Territory Stories

The Centralian Advocate Tue 29 Mar 2022



The Centralian Advocate Tue 29 Mar 2022


Centralian Advocate; NewspaperNT




Made available via the Publications (Legal Deposit) Act 2004 (NT).




Community newspapers -- Northern Territory -- Alice Springs; Tennant Creek (N.T.) -- Newspapers; Alice Springs (N.T.) -- Newspapers; Australia, Central -- Newspapers

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News Corp Australia

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News Corp Australia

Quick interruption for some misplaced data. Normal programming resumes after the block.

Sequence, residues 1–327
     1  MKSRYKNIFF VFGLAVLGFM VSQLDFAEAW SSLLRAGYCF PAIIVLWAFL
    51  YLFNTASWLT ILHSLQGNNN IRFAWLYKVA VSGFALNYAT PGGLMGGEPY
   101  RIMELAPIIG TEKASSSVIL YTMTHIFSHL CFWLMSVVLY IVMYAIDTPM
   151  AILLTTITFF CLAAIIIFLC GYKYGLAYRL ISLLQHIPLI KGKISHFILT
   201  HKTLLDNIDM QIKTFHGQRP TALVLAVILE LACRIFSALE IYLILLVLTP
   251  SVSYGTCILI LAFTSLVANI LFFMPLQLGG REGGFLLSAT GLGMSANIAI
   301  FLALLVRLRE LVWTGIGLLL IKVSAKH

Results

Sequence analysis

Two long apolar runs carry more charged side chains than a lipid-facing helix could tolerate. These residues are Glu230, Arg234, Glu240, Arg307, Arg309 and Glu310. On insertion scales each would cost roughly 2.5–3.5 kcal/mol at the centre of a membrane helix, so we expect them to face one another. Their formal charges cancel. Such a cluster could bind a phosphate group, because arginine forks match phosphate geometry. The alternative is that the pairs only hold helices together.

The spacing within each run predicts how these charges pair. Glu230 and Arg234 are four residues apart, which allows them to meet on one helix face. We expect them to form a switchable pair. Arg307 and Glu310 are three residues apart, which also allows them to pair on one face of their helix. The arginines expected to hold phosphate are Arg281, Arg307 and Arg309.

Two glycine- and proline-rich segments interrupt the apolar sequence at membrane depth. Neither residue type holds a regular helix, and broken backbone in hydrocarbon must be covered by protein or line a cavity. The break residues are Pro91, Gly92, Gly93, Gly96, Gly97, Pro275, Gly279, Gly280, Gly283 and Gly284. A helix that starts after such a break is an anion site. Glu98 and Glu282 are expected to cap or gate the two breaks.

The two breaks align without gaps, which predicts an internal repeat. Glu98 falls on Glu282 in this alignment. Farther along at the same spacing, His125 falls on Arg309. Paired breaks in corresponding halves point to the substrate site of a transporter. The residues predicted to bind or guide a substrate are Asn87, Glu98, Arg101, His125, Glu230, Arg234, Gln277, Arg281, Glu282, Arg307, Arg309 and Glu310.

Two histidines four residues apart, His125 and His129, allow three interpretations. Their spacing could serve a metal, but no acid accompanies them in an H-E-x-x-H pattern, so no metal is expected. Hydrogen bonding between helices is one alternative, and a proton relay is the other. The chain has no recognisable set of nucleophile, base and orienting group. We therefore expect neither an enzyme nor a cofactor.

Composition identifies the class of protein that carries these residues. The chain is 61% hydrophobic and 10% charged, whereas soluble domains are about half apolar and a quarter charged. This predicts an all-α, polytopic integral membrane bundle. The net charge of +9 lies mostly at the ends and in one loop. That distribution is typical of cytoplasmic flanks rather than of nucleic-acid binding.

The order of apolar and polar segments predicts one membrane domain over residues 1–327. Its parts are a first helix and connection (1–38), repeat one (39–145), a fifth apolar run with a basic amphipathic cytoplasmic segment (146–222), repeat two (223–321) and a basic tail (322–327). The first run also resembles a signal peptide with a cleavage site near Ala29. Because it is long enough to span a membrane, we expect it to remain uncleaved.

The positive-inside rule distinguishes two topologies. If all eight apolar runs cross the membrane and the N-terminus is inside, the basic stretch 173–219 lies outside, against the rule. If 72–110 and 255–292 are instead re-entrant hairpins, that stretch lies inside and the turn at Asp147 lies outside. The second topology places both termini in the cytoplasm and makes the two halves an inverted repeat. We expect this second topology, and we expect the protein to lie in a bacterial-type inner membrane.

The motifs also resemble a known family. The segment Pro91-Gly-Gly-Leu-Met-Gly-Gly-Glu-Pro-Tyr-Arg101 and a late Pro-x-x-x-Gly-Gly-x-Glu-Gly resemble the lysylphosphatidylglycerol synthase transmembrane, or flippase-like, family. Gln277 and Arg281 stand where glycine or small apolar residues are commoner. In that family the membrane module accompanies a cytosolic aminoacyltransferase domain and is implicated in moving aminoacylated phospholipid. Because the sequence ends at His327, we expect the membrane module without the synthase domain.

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30 SPORT Tuesday March 29 2022 NTNE01Z01MA - V1 GREENANTS BEST OF 40 YEARS B: Brad Burge, Alan Meginess, Ross Billias HB: Rob Kensey, Callum Crook, Paul Allen (c) C: David Carroll, Terry Scholz, Peter Hargraves HF: Peter Geier, Billy Lovel, Matthew Ryan F: Steven Malseed, Paul Bussenchutt, John Chester Foll: Charlie Smith (vc), Travis Edwards, Matthew Gill Interchange: Phil DeSouza, Rick Nolan, Wayne Worden, Scott Bourne, Leon Peacock, Brian Cocks. FROM BACK PAGE A league spokeswoman said the club had submitted a request to join the Premier competition. The 2021/22 season review is under way and a decision on the future competition structure will be made in the coming months, she said. Meanwhile, PINT has named its best mens side from 40 years of competing in the former NT Football Association and the NTFL. Matthew Gill was named coach, Wayne Worden and Dennis Lew Fatt assistant coaches, popular clubman Paul Spud Allen captain and ruckman Charlie Smith his vicecaptain. PINTS in Premier push Rugby kicks on in Alice A NEW home for rugby in the Red Centre could be up and running inside two years, the chief executive of a NT peak sporting body says. NT Rugby Union chief executive Shane Sullivan said both rugby codes should be excited with the Territory government announcing earlier this month it would build a multipurpose community precinct within the Kilgariff Estate in Alice Springs, providing a new home for the sport. The government will build the National Aboriginal Art Gallery at the existing home of nine local rugby teams, Anzac Oval, after the land was compulsorily acquired. However, the new rugby facilities will feature two playing surfaces, supporting infrastructure and green space. Sullivan said the new facilities would allow rugby union to grow in Central Australia, host representative matches and its City v Country fixtures and possibly usher in a womens competition, with a grandstand, changerooms, bar and kitchen promised. We think a move to the new facility will be a positive move for our sport, Sullivan told NT News. It will certainly allow us to build our income, and then put that money into the development of the sport down there. Its a halfway point (for state representative teams), instead them coming all the way to Darwin. A new facility and new grounds will give us options. He said the new ovals could be opened in time for the 2023-24 season, but the following season was looking more likely at this stage. Sullivan also said the growth of the sport locally would tie in nicely with the expansion of Alice Springs at Kilgariff. New housing, new facilities, new infrastructure will be great for the sport as well, he said. Chief Minister Michael Gunner said earlier this month the next stage of the Kilgariff land release would be brought forward, including an additional 350 residential lots to go to market in 2023. However, most importantly, art gallery works would not impede on either the union or league seasons, with the rugby facility to be built in conjunction with the gallery at Anzac Oval. Both sports will be able to continue to play their seasons while the art gallery will be built, he said. There will be no crossover, we wont lose a season. Sullivan said four local clubs currently used the ageing facilities at Anzac Oval, which includes an oval, two changerooms, a small bar, canteen and a viewing platform. Theyre not bad, but its limited space and ageing, he said. Both codes will walk alongside the government to provide design plans. NRLNT was contacted for comment. Ben Cameron New home for sport in Centre two years away Crash rider back in saddle COLOMBIAS 2019 Tour de France champion Egan Bernal was back on a bike on Sunday, two months after hitting a bus at speed in an accident from which he was lucky to escape with his life. The 25-year-old who was left nursing multiple broken bones has made a remarkable recovery, and posted on Insta gram a photo of him back in the saddle. He is seen wearing his Ineos team colours riding a bike with two others. After two months and 20 broken bones here I am again and I want more! he wrote. The 2019 Tour de France champion hit a stationary bus at full speed on January 24. A worried Socceroos coach Graham Arnold after the loss to Japan. Picture: Toby Zerna Socceroos desperate for momentum SOCCEROOS defender Trent Sainsbury says Wednesday mornings dead rubber against Saudi Arabia remains important in Australias bid to qualify for this years World Cup. The Socceroos hopes of direct World Cup qualification ended with last Thursdays 2-0 loss to Japan in Sydney. Regardless of the result against the already qualified Saudi Arabia in Jeddah (5am AEDT), Australia can finish no higher than third place in Group B in the Asian Football Confederations third round of World Cup qualifiers. Having missed a top-two Group B berth, the Socceroos must now qualify for the World Cup via sudden death playoffs in June in Qatar. The first will be against the nation finishing third in the AFCs Group B. Three countries UAE, Iraq and Lebanon remain in contention for third place. The winner of that game will meet the nation finishing fifth in the South American qualifiers for a World Cup berth. Battling it out for fifth spot are Peru, Colombia and Chile. Speculation mounts current Socceroos coach Graham Arnold will be removed before the playoffs. Regardless of who is coach by then, Sainsbury told the Socceroos website it was important to take momentum into the playoffs. The Socceroos have won just one of their past six World Cup qualifying games. Putting on the green and gold is always a privilege and honour, so there has never been a dead rubber to me, Sainsbury said. Obviously we cant go directly to the World Cup now, but we have a chance to take some momentum into upcoming games. Sainsbury said despite the emotion since the Socceroos loss last week, the Australians could not afford to dwell on the defeat. Obviously it was a disappointing result to take but at the same time we have got another match coming up, he said. We have to move on and focus on the next game. He said the Socceroos past playoff experiences, including in qualifying for the 2018 World Cup, could come in handy in June. You just have to prepare like it is another other game, Sainsbury said. We know what is at stake and we arent doing it for ourselves, we are doing it for our friends and family back home. FIFA World Cup Qatar 2022 AFC Asian qualifiers (third round) Saudi Arabia v Australia Wednesday, 5am (AEDT) King Abdullah Sports City, Jeddah, Saudi Arabia Live: Network 10 Marco Monteverde Impressive start for Rising Dee NINE games, nine wins, a premiership, his first goal in round 1 and now a second Rising Star nomination. Welcome to sweet-kicking Demons defender Jake Boweys charmed existence, which probably leaves some of the AFLs grizzled veterans jealously muttering away to themselves. The 19-year-old is the antithesis of Melbournes decades of struggles and lowlights before the 2021 grand final triumph over the Western Bulldogs ended 57 years of pain. Bowey is the Demons answer to Jack Graham, who played in a premiership in just his fifth AFL game four years earlier. It sounds pretty good when you read it out like that, Bowey said of his alreadypacked footy resume. Im in a very grateful position, being at Melbourne and surrounded by some unreal players and staff. But this isnt a tale of luck. This latest honour follows his superb 34-disposal effort against Gold Coast on Saturday night. None of Boweys incredible success is by accident, starting with the endless after-school sessions of kick-to-kick with his dad in the street until dark. A self-confessed overthinker, the 19-year-old also started speaking to the Demons sports psychologists and the clubs defensive coach, Troy Chaplin, about his tendency to beat himself up over skill errors. Marc McGowan